This family contains a group of plants which may appear diverse, but they have similarities in the basic shape of the leaves and underleaves, which are divided into 3 or 4 lobes. The underleaves are smaller than the lateral leaves.
These plants are very tiny indeed. They form fine mats on soil or rotting logs in wet areas. The "fronds" in this image are less than 1 cm wide, and you would need a hand lens or a microscope to see that they have this lacey look. They tend to all look alike until examined microscopically.
This species forms mats or low clumps on earth or rotting logs in the forest.
The underleaves tend to have the same number of segments as the leaves - four on the main stem and three on the branches.
This species is very tiny!
It is the fine threads amongst the much larger bryophytes in the image. I only spotted it when looking through the microscope.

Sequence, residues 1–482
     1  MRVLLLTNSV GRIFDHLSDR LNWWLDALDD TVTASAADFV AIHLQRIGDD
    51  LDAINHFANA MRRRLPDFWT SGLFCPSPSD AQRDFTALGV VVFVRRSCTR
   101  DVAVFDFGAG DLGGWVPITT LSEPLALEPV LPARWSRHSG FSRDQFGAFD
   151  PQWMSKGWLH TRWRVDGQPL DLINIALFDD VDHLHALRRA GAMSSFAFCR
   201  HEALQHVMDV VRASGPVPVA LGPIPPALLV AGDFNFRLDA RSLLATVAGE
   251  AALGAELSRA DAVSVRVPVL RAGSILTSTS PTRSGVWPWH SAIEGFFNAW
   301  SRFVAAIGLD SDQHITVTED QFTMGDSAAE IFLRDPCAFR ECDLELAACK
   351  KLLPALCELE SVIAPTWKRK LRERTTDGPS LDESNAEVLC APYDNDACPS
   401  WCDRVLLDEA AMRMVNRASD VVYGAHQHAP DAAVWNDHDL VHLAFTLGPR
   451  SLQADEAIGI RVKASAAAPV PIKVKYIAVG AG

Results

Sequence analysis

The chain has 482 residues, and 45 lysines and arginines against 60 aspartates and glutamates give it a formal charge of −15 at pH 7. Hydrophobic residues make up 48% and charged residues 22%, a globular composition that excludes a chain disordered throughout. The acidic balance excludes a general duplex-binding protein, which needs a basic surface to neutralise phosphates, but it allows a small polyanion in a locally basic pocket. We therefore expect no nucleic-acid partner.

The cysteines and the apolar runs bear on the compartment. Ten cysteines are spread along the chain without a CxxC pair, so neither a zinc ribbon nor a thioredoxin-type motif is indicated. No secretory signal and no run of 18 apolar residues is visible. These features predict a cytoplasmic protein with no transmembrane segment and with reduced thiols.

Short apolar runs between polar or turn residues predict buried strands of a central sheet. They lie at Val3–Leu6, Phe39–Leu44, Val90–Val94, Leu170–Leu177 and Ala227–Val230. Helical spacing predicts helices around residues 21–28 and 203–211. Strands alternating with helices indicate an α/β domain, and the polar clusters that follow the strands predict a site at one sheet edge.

|A microscope image, showing the tiny leaves consisting of two spines coming from a base.|
Found on damp shady banks, often where the soil is a clay.
This is one of the smaller of the Telaranea species.
|An image taken through the microscope which illustrates that although the Telaraneas can look very much alike, they differ microscopically. Compare this image with the one of T. tetradactyla below.|
Found on soil or logs in the bush.
See below for more close up images of this species.
|This image shows two perianths - structures formed from modified leaves and which contains the developing sporophyte (the top of which is the black bit).|
|This image shows a mature sporophyte where the capsule has split into 4 valves to release the spores. You can also see perianths and developing sporophytes.|
|This image show a closeup of the leaves and underleaves.|